A short time later our chief medical officer, a woman not unlike Captain Mindy in Words in the Dust, led a second mission to the village to locate the girl and see if we could arrange corrective surgery for her. It wasn’t a mission that came down from high command, but one my fellow soldiers and I felt strongly about. After all, if we couldn’t at least try to help this girl, what good were we?
Almost miraculously, we found the girl we were looking for soon after our arrival. We tried to be friendly, but given that we rolled into town in armored Humvees, I imagine she was scared when she realized we had come looking for her. Although she was timid and for the most part kept her mouth covered, she had a quiet dignity and a spark of courage in her eyes. The girl’s name was Zulaikha. After meeting her, we knew we had to do whatever we could to get her the help she needed.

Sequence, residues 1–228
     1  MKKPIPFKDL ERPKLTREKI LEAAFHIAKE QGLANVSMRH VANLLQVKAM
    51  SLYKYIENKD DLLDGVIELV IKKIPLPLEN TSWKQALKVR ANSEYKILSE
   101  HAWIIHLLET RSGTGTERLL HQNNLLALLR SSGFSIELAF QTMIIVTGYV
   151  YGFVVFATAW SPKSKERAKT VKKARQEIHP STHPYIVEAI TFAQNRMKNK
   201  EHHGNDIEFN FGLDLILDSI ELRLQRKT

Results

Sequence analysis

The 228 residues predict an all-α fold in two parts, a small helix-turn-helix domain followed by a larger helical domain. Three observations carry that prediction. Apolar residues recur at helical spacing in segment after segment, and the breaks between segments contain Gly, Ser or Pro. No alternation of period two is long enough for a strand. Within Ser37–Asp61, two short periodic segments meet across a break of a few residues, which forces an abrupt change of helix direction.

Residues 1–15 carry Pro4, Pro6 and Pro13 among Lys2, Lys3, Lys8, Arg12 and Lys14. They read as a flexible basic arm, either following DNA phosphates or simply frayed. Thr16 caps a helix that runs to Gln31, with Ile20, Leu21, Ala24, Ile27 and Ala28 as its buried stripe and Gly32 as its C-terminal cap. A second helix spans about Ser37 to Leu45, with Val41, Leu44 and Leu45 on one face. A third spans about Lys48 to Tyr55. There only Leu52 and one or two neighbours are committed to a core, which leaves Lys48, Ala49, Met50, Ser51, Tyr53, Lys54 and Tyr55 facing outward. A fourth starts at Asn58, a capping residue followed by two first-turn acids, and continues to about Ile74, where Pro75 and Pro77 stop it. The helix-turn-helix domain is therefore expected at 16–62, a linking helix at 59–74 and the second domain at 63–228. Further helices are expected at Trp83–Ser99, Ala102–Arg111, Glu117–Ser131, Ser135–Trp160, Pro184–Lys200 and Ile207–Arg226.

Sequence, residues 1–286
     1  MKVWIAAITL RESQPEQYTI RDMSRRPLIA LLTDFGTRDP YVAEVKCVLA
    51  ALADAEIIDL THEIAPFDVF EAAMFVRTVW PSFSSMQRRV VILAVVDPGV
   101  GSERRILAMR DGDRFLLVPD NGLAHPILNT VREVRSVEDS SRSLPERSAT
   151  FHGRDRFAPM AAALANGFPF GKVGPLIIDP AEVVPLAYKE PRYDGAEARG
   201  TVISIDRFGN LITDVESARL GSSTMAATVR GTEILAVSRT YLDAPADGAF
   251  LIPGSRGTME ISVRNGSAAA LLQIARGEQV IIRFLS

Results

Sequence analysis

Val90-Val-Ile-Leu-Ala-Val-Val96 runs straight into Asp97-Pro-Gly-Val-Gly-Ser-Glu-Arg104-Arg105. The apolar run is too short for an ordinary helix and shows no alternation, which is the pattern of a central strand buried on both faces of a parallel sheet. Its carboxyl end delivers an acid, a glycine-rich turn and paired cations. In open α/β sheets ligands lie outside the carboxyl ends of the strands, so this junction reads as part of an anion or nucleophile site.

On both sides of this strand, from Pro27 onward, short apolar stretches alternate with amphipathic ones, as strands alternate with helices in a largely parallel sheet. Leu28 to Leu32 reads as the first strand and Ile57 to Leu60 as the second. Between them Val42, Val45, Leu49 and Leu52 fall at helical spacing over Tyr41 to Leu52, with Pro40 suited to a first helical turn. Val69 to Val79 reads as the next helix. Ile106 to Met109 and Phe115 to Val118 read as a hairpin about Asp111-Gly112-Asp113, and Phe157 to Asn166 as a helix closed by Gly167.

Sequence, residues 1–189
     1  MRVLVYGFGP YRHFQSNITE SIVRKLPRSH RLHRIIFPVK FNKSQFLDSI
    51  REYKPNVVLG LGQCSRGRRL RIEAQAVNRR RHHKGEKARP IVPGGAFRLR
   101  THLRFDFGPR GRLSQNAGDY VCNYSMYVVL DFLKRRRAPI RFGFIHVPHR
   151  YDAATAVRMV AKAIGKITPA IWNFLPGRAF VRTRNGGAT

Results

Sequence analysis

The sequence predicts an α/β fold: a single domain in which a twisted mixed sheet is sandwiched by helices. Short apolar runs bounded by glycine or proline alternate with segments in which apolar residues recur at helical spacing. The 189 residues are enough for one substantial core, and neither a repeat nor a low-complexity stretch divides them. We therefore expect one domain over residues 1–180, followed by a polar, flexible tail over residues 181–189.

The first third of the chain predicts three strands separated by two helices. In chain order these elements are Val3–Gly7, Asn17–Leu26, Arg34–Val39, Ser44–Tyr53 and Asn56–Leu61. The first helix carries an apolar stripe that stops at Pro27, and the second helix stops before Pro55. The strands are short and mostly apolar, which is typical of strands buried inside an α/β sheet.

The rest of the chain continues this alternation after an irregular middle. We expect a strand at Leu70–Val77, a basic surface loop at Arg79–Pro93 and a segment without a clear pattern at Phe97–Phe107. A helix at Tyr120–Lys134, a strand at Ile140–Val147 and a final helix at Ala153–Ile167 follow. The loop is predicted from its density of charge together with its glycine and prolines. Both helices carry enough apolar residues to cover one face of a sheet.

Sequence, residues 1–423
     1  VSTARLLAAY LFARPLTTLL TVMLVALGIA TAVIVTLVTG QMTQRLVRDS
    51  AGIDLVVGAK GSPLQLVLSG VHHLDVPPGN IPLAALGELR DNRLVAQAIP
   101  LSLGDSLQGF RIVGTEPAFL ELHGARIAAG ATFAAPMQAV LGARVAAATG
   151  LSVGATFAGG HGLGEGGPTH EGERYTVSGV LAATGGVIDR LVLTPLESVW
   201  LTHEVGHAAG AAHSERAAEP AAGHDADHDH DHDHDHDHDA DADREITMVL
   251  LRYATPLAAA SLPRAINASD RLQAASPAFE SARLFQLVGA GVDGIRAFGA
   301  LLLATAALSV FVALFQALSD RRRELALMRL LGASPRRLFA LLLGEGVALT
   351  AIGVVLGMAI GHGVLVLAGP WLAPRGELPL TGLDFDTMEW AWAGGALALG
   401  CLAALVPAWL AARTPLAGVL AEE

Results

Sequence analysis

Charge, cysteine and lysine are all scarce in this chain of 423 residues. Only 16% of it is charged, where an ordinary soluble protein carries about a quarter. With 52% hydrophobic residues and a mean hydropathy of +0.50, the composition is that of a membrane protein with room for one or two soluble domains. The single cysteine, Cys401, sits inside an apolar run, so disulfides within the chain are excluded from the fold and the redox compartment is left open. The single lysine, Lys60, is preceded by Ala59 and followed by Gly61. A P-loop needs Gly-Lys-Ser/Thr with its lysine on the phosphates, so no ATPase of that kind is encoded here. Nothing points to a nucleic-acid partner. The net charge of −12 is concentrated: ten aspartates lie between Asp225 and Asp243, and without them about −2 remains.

Since her surgery was not part of our assigned mission from the Army, my fellow soldiers and I pooled our money together to buy taxi fare to a nearby airport for Zulaikha and her uncle as well as civilian plane tickets to transport them to our air base at Bagram. An Army doctor there volunteered to conduct the surgery. When she returned to our outpost in Farah, I was amazed at how much she had changed. Not only were her lip, teeth, and nose completely different, but her demeanor had improved as well. She was still quiet and shy, as anyone might be around strangers, but she no longer covered her mouth with her shawl or her hand. Better yet, she smiled. The last time I saw her, she was riding in the back of one of our trucks, on the way home through our compound’s front gate. Had I not been sent to Afghanistan, I would never have known about her. I thought about all the people back home who might never know about her. Her birth defect was only one of the many obstacles that she would have had to endure in her young life, but she faced it with remarkable strength. To me, she represented all Afghan girls who are struggling to make better lives for themselves and for their families, and even though she lacked the ability and resources to tell the world her story, that does not mean that it does not deserve to be told. She looked back at me as she rode away and although she could not hear me or understand my words, I promised her I would tell her story. The result is Words in the Dust, a fictional account inspired by the incredible people I was blessed to meet in Afghanistan.